Whilst this area is still behind construction fences, work has now shifted up a good few gears and a full timeline of the current project has been revealed, as Animation Courtyard is about to be engulfed in blue construction walls to make its transition to Toon Studio.
The work schedule for the next few months was revealed on Disney Central Plaza forum by the reliable La Rouquine, and suggests that a large part of the work on this “place-making” project will infact be complete by the end of 2006. Work starts this week at the entrance of Art of Disney Animation, then from mid-October to mid-November work will continue around the entrance of the land whilst the new Sorcerer Mickey entrance statue is installed. Next, construction fences will move to the entrance of Animagique and the exit of Art of Disney Animation. Finally, work will move to the area between the Art of Disney Animation exit and Cars Race Rally, in preparation for the opening of the new area of the land.
Indeed, this schedule has been put into action already. As if by magic yesterday, construction walls appeared in a circle to the right of the Art of Disney Animation entrance. The walls only cover a small amount of the outside wall of the attraction, and sit between the entrance doors and the Sorcerer’s Hat.
The new Sorcerer Mickey statue on the opposite side of the path will reportedly feature a spark of magic arcing out from Mickey’s pointed finger and curving over the entrance to the land, where it will break to allow tall parade units to pass, before ending on the other side with a downward arc. The entire land is also due to receive new, bright paving, redesigned planting areas, more trees and possibly even a fountain, all with the aim of better defining the whimsical animation theme of the area.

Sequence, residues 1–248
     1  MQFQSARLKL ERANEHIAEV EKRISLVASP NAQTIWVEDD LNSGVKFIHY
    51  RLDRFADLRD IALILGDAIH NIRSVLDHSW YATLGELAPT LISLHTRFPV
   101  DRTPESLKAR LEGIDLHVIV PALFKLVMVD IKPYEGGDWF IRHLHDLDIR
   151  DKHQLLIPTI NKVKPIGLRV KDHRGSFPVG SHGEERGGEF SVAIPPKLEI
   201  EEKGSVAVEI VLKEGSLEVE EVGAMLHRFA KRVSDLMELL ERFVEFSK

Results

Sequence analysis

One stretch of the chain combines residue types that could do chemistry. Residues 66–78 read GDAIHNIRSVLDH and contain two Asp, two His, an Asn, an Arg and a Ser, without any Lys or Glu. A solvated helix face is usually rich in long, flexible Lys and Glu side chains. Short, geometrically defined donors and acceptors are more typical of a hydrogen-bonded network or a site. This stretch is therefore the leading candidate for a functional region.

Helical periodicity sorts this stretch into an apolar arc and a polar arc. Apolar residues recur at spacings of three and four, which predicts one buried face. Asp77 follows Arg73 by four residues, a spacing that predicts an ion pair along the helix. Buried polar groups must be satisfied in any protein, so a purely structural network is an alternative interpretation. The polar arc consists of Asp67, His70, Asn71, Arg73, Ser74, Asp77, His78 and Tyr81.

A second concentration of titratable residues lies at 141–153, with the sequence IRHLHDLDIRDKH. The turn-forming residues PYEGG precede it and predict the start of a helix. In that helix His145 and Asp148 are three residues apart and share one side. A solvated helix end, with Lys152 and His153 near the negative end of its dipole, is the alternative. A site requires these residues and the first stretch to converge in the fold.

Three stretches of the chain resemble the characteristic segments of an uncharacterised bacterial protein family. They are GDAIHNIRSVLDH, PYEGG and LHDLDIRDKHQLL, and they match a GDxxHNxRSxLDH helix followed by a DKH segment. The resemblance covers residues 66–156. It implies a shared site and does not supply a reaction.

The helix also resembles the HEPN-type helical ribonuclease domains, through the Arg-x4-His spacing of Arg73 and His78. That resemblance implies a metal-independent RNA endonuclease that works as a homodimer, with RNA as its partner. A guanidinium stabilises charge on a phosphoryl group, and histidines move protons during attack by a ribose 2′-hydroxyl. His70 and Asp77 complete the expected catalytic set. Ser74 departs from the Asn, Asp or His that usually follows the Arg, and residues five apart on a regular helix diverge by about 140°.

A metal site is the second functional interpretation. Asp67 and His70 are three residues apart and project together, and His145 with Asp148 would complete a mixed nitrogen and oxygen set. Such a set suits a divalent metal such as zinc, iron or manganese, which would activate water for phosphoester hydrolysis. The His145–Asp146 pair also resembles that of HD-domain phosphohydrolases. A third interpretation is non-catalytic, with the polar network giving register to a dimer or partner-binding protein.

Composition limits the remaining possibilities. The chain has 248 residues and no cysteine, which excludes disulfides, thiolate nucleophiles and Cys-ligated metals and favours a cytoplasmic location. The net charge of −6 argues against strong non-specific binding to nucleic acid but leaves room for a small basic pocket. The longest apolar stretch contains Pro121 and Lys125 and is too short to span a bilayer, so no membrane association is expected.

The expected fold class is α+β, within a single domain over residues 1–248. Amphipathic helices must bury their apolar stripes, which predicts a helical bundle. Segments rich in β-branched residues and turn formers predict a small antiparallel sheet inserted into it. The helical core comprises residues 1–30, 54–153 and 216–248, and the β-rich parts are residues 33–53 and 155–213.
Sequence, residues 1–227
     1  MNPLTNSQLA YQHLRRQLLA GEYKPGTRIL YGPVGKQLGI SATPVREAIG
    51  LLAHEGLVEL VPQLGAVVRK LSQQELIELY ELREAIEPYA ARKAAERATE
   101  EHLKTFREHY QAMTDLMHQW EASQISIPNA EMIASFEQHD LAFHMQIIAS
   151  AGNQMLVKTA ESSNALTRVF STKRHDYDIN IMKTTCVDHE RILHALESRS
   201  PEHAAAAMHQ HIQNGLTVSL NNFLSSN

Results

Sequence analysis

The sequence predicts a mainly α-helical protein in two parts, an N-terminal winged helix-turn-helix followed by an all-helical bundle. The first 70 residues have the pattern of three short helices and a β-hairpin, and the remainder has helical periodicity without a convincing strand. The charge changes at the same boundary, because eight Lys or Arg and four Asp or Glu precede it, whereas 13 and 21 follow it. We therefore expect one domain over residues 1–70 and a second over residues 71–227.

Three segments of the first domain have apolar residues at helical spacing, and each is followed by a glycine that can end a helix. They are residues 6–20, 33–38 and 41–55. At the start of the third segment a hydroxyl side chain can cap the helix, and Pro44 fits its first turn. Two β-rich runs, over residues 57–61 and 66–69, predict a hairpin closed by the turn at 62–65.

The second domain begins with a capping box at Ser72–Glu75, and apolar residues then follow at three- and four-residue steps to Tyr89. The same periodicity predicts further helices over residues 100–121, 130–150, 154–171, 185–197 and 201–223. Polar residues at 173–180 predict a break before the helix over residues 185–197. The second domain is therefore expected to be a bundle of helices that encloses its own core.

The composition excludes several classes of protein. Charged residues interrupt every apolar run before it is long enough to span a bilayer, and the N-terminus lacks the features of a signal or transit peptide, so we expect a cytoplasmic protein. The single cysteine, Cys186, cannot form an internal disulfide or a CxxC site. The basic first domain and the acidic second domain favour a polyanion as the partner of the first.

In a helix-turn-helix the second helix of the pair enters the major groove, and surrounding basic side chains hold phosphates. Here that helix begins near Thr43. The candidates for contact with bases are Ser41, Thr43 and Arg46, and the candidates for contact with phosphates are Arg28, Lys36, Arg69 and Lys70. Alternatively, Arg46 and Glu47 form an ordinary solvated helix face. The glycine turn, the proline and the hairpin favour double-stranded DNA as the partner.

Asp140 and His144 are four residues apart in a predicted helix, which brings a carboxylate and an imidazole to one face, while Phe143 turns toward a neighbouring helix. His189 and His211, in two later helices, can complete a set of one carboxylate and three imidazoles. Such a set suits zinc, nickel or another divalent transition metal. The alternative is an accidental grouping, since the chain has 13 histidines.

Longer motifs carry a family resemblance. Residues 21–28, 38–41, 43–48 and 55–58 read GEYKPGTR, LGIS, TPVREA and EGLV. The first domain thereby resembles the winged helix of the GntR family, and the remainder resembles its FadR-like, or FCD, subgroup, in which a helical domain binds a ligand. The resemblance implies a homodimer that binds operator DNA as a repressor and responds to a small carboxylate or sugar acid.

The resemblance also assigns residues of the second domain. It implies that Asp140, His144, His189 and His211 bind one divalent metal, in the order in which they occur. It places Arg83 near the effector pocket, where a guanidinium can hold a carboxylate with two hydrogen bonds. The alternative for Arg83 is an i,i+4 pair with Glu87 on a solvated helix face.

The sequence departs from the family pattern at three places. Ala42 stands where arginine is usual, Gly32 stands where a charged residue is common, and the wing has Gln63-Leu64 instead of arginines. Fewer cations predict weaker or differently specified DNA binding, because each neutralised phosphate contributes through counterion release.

Further up the building, scaffolding inside the ride area has grown above the height of the building in an arched form. This is surely in anticipation of the front wall of Disney Studio 5 being constructed, which peaks higher than the rest of the building and will need extra support whilst under construction. Thanks to Disneytheque.com for the latest construction photo.
Today, 14th August 2006, should hopefully mark the start of fullscale work on the Toon Studio transformation project with the first “coup de pioche”! La Rouquine on Disney Central Plaza forum reports backstage sightings of the huge new flagstones, carring “vibrant” colours, which will replace the asphalt flooring of the land. La Rouquine also states work has begun on the foundations for the queue of Cars Race Rally, which will be a series of memorable Radiator Springs buildings.
Starting with Toon Studio, Cars Race Rally still remains a huge pit on the spot of the two pairs of turntables. The size of the pit, however, is quite impressive – it seems to be almost as deep as the JCB digger is high! The latest photos show the tarpaulin cover is still lining it – the next step from here should hopefully be concrete foundations poured. Over at Crush’s Coaster, work is still speeding along at EAC-speed, but since most of the ride is now hidden by the huge concrete walls, not a lot can be seen. The walls themselves have also continued to grow, with wide concrete sections being added along both the Flying Carpets and front sides of the coaster building. Some kind of steel supports are currently lying next to the outside dip, probably to be used on the sections of the building where the track leaves and re-enters, which are currently very wide gaps in the huge concrete wall sections.